"It does undermine the whole process," agreed People's Alliance Leader Kris Austin. "How could it not?"
Rick Doucet, Liberal critic for energy and mines, said, "The institute's credibility is definitely on the line."
"Anything that's been on shale gas that he has prepared must be peer reviewed before it can be used going forward," said NDP candidate Brian Duplessis.
But Health Minister Ted Flemming predicted a short shelf life for the LaPierre controversy, with minimum political damage.
"This doesn't stand or fall on Dr. LaPierre. He was a part of a much greater plan," Flemming said.
LaPierre accepts 'full responsibility'
LaPierre announced his resignation on Thursday, two weeks after questions were raised about his academic credentials.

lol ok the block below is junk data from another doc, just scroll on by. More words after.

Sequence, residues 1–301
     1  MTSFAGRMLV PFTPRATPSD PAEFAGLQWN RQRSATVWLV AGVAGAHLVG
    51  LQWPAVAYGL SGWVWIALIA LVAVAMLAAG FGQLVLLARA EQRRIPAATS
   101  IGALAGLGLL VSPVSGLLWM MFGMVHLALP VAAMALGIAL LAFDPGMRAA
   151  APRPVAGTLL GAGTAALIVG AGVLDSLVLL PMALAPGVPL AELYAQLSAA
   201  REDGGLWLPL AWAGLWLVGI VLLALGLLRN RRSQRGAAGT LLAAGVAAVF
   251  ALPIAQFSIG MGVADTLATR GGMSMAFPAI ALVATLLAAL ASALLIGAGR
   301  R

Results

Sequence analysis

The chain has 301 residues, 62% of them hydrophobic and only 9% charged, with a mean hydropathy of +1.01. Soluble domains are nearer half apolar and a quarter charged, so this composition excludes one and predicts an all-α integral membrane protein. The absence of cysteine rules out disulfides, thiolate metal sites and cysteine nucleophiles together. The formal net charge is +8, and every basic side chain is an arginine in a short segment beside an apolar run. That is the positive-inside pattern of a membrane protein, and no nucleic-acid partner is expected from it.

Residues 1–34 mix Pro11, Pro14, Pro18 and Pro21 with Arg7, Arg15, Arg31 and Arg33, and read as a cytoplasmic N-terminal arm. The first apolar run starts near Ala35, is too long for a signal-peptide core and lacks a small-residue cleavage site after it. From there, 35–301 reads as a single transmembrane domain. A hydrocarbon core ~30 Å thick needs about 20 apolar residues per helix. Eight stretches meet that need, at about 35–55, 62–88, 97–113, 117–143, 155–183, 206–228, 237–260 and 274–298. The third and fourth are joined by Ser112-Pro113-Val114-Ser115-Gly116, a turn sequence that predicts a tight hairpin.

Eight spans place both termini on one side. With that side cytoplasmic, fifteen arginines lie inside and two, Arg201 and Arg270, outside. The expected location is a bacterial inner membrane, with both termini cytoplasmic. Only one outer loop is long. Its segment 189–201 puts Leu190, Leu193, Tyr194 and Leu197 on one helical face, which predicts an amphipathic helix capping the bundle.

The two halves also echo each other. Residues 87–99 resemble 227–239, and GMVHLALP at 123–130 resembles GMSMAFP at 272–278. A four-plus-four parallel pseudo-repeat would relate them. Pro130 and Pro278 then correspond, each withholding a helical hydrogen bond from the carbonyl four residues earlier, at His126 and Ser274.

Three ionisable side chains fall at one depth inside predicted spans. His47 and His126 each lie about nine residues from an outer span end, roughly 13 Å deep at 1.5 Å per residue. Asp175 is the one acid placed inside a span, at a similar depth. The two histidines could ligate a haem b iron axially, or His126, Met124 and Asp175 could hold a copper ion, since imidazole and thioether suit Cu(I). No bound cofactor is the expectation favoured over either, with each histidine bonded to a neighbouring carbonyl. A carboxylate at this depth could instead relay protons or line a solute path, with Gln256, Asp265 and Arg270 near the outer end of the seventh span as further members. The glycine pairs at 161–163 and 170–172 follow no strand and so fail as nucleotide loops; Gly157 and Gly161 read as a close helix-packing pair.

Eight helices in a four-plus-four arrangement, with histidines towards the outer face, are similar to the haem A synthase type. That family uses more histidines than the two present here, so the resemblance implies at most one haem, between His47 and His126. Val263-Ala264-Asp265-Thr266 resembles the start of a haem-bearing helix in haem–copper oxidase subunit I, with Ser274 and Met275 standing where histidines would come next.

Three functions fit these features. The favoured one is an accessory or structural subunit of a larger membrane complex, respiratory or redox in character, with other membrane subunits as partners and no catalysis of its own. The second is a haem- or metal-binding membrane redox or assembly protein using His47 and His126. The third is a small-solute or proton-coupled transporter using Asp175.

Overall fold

“Needless to say I was taken aback by the controversy, but I have now accepted that I played a role in bringing it about,” his statement to the Moncton Times & Transcript said.
'Regardless, during the years, in documents and among various bios, I have misrepresented my academic credentials and have admitted the same to the Université de Moncton. I take full responsibility for my actions and offer a full apology for the embarrassment this situation has caused to so many that placed their trust in me.'- Louis LaPierre
“Regardless, during the years, in documents and among various bios, I have misrepresented my academic credentials and have admitted the same to the Université de Moncton. I take full responsibility for my actions and offer a full apology for the embarrassment this situation has caused to so many that placed their trust in me.”
LaPierre’s statement to the newspaper said he now wants to focus on his family and he stepped away from the institute so he would not become a distraction.